Condition Intervention
Blood Disorders Biological: Fecal microbiota transplantation

Study Type: Observational
Study Design: Observational Model: Case-Only
Time Perspective: Prospective
Official Title: Prospective Observational Study of Fecal Microbiota Transplantation Used to Eradicate Gut-colonizing Multidrug-resistant Bacteria in Patients With Blood Disorders

Resource links provided by NLM:


Further study details as provided by Grzegorz W. Basak, Medical University of Warsaw:

Primary Outcome Measures:
  • Eradication of gut colonizing bacteria as proven by at least two negative stool cultures. [ Time Frame: 2 weeks to 6 months after fecal microbiota transplantation ]

Secondary Outcome Measures:
  • Eradication of gut colonizing bacteria as proven by PCR. [ Time Frame: 2 weeks to 6 months after fecal microbiota transplantation ]
  • Incidence of infective episodes [ Time Frame: from day "0" (day of FMT) to 6 months after fecal microbiota transplantation ]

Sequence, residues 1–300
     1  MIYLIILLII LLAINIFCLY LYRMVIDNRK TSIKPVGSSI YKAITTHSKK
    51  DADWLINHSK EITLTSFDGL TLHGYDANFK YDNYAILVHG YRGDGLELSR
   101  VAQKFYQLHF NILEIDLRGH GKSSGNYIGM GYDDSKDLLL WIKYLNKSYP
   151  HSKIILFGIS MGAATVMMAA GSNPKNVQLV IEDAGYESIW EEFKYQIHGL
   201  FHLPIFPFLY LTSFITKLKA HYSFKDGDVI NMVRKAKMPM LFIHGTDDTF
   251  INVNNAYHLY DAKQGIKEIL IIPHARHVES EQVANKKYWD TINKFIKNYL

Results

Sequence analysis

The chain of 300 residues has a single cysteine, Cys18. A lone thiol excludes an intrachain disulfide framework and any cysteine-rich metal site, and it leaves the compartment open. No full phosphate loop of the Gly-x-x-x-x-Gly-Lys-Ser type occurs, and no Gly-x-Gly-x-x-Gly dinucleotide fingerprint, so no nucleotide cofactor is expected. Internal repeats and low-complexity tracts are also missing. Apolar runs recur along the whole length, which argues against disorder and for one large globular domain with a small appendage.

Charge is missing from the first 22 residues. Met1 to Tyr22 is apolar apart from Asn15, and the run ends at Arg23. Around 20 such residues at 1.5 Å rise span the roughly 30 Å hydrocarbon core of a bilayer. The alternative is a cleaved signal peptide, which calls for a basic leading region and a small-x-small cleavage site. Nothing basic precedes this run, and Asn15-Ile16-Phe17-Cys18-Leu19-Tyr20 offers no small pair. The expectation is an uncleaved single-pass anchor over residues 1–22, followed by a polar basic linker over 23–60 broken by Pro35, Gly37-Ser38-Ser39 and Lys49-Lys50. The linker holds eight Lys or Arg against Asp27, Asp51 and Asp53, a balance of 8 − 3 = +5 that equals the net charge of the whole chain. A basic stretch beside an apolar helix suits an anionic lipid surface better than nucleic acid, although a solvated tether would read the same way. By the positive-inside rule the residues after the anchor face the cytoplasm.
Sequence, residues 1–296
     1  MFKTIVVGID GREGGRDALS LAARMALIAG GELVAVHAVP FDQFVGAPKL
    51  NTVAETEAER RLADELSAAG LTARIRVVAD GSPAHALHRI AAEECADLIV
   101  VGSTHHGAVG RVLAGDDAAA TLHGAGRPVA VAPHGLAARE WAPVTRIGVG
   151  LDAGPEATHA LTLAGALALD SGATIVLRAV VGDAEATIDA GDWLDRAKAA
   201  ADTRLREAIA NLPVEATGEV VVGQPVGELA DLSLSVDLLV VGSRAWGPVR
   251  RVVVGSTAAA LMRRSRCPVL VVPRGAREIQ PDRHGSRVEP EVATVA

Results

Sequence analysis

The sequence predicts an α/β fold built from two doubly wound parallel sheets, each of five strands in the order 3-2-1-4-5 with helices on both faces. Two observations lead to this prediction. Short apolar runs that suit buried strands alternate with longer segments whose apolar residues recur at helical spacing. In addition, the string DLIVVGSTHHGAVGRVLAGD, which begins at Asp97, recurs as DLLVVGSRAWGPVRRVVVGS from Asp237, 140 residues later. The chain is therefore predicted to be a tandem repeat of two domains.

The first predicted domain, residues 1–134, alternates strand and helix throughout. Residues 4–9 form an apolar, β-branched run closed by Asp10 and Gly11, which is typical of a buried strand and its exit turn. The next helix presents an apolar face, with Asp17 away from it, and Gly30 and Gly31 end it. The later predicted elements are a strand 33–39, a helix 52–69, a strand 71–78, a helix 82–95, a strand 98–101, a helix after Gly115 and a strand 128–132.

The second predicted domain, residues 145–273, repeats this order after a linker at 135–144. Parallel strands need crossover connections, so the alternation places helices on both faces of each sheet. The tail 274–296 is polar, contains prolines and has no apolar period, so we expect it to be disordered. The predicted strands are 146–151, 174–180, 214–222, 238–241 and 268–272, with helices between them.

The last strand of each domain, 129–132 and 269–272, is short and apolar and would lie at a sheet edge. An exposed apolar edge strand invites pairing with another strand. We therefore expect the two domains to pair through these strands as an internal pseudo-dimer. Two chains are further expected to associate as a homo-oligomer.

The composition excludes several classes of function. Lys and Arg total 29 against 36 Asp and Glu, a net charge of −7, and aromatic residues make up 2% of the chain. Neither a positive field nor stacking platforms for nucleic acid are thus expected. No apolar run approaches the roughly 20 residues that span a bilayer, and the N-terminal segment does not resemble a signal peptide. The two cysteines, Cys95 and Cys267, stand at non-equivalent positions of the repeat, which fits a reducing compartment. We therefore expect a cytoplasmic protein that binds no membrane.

Biospecimen Retention:   Samples With DNA
Stool samples collected before and after the procedure.

Estimated Enrollment: 50
Study Start Date: February 2015
Estimated Study Completion Date: September 2017
Estimated Primary Completion Date: February 2017 (Final data collection date for primary outcome measure)
Groups/Cohorts Assigned Interventions
Fecal microbiota transplantation
Patients with proven gut colonization status with following bacteria: Klebsiella pneumoniae resistant to carbapenems, Pseudomonas aeruginosa resistant to carbapenems, Enterococcus faecalis VRE (vancomycin-resistant enterococcus), Enterococcus faecium VRE, Enterobacter cloacae resistant to carbapenems or other MDR species. Gut colonization proven by conventional microbiological culture and/or molecular methods.
Biological: Fecal microbiota transplantation
Transplantation of 100 ml of fecal microbiota suspension obtained from healthy unrelated donor in two consecutive days via the nasoduodenal tube